If you have that giddy butterflies-in-the stomach feeling and everything else feels right and natural, there are plenty of things you’ll want to overlook when it comes to love. One of those is a bad credit score.
But if getting engaged or married is in your future, your partner’s credit score will affect your financial future. And so will a lot of other things about their financial life.
If you’re thinking of becoming more committed—whether that means tying the knot, cohabitating, or joining finances—it’s a good idea to have an honest talk about money. Here are three things you and your partner should both disclose.
Your credit score
It’s a common misconception that when you get married, your partner’s credit score automatically has an effect on yours. The truth is that your credit score doesn’t change when you get married or move in with someone.
However, your partner’s credit score will have an effect on your financial life. Lenders will take both your scores into account when you apply for loans together (think mortgages and car financing.)
If your partner’s score is bad, it could disqualify you for the best interest rates—or get you denied altogether. If you’re the one with the better credit score, it may be better to apply to loans individually.
The downside is that it makes you solely responsible for the loan—so if your partner decides not to pay their share, you’re the only one on the hook.
Your debt load
How much debt does your partner really have? That number will constrain your financial life together. Big life decisions such as buying a house, switching careers, having kids, and going back to school will all be affected by that debt.
You probably won't be held legally responsible for your partner's loans, though—even if you're married.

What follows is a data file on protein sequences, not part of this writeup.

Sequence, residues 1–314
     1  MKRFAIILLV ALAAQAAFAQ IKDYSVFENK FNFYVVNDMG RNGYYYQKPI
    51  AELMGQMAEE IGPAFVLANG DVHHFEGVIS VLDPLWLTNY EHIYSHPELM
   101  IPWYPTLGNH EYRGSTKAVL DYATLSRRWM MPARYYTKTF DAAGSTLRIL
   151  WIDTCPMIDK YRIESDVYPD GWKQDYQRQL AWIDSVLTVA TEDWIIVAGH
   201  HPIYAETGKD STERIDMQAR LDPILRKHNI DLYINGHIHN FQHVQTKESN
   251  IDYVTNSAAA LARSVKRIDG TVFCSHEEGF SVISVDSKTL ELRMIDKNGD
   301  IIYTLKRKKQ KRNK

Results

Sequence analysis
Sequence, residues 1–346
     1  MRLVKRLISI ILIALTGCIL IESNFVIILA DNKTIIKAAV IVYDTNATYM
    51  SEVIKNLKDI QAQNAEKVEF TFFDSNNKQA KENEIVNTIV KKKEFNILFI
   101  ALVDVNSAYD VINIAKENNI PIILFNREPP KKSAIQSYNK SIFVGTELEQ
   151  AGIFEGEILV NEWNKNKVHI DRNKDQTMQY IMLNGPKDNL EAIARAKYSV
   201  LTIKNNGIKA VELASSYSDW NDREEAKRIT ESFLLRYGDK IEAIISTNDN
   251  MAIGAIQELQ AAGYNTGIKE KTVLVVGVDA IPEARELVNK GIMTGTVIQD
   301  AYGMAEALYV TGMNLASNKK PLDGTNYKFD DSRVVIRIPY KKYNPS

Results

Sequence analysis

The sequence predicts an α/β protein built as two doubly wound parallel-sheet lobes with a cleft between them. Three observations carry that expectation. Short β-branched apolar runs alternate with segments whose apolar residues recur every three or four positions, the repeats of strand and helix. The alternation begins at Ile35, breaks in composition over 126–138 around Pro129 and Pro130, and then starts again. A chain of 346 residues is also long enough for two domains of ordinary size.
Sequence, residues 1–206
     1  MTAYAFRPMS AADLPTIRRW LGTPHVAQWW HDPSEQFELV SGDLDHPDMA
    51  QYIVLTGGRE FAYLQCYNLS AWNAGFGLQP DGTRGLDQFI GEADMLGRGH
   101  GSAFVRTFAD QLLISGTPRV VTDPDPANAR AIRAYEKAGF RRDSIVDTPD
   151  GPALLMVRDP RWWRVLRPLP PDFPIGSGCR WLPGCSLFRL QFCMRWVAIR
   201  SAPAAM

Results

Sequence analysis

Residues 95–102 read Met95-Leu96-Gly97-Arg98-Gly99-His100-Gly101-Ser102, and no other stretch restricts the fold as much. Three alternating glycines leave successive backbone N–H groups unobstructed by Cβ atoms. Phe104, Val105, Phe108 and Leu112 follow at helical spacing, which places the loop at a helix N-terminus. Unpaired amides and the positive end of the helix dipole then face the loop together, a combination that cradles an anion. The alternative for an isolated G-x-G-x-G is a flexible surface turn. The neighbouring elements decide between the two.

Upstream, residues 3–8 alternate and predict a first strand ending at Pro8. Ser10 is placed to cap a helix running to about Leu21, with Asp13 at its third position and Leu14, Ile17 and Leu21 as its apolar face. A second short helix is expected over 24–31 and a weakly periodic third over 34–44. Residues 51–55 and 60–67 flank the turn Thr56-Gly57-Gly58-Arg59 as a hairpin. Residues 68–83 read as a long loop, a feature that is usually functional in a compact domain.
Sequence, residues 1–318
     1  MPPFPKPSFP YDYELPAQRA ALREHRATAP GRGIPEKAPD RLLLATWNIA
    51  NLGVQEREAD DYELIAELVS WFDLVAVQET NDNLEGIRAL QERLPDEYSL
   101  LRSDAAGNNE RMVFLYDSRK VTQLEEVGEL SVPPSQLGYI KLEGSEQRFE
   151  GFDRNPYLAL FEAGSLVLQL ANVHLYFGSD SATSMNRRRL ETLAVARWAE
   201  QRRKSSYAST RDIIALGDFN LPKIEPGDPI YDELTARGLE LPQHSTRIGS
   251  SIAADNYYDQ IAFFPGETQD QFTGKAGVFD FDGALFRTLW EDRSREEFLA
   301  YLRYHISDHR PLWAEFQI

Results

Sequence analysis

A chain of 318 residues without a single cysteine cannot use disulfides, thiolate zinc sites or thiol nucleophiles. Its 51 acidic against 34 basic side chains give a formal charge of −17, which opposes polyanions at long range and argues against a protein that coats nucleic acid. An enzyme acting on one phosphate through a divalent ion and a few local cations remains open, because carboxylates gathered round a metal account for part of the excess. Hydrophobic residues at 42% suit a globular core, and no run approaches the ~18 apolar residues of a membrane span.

In most cases, you are not financially responsible for loans your significant other took out before marriage. Although, lenders could hold you responsible for a spouse’s loans if you live in a community property state.
When it comes to loans your spouse took out after marriage, the picture is a little more complicated. It depends on where you live, the situation, and sometimes the whims of the judge—if you’re in court over your loans.
If you’re not getting married, you most likely don’t have to worry about paying back your partner’s loans unless you cosign on one of their loans or take out a loan together.
However, their level of debt will have an impact on your financial life—and vice versa—whether you’re legally married or not. So it’s important to know the situation going in.
You might think it’s unlikely a couple could get so far as marriage without disclosing their income. But it’s not that unusual for people to keep their incomes secret—even to those closest to them.
People have strong, sometimes illogical feelings around money. And many feel shame about what they do or don’t make—and hold off on disclosing that information as long as they can.
But judgment aside, if you don’t have an accurate picture of what you make as a couple, you could easily find yourselves in financial trouble. If your partner’s financial life falls apart in the future, it could tank yours too—whether you’re legally married or not.
Even if you're not making a legal commitment, you could end up shouldering certain financial burdens if your partner isn't responsible with money. You don’t have to dump a great partner over a bad credit score—necessarily—but it’s crucial to get the full picture before you commit.
If you or your beloved want to get your student loan debt under control, consider refinancing to a lower interest rate. Find out if you’re Refi Ready.